Many people can see that having a huge army might be an incentive to use it in wars, and that with that many people in prison and effectively living off government money, that mercenary corporations will most certainly take an interest and try to boost prison populations. There is even more incentive to boost those populations with amendment 13, which allows corporations to take advantage of prisoner slave labour. On the surface of it, the amendment sounds positive, “Neither slavery nor involuntary servitude, except as a punishment for crime whereof the party shall have been duly convicted, shall exist within the United States,” although the discerning reader quickly becomes aware of the “except.” We rarely pause to think about what happens to those people once they are released into the wild.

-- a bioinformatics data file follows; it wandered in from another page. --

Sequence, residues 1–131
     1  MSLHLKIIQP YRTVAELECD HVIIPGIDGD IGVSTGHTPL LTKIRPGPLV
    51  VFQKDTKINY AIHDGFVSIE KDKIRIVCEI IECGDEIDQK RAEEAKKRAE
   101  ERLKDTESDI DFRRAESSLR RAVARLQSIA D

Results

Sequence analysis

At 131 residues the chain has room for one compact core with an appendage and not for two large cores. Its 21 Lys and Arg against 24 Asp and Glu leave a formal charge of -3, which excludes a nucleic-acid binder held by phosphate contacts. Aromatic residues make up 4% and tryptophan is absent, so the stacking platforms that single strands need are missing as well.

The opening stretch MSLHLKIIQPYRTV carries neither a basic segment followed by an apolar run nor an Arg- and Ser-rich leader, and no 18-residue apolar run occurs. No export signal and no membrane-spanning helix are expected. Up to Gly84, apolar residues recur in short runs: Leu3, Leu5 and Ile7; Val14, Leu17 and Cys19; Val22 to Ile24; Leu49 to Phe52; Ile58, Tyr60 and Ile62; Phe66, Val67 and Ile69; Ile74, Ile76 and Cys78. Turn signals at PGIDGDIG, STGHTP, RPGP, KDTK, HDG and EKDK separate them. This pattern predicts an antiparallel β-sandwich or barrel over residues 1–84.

The United States’ active military personnel amount to 1,390,000 people. That is seemingly overshadowed only by the Chinese and Indian armies, at 2 million and 1.5 million respectively, but once those numbers are divided by population, however, a different story emerges. Those in active military service in the US make up .42% of the population, while in China it is .142% of their population of 1.412 billion, and in India it amounts to .1% of 1.393 billion people. This immense army, at least in relative terms, does more than eat through American financial resources. It also means that at any given time there are many people trained in violence as well as suffering from some form of trauma in broader American society.
Slightly more people are in prison at any given time in the US, which is 1,675,400, or .5% of the population. According to the Pew Institute, 7% of the current American population have served, and Ehrlich Law offices declare that 3% of the population have been incarcerated at some point. At any given time, at least ten percent of American citizens experienced the dehumanizing and often traumatic circumstances of either militarization or incarceration. That is a huge percentage of possibly traumatized people walking around in society.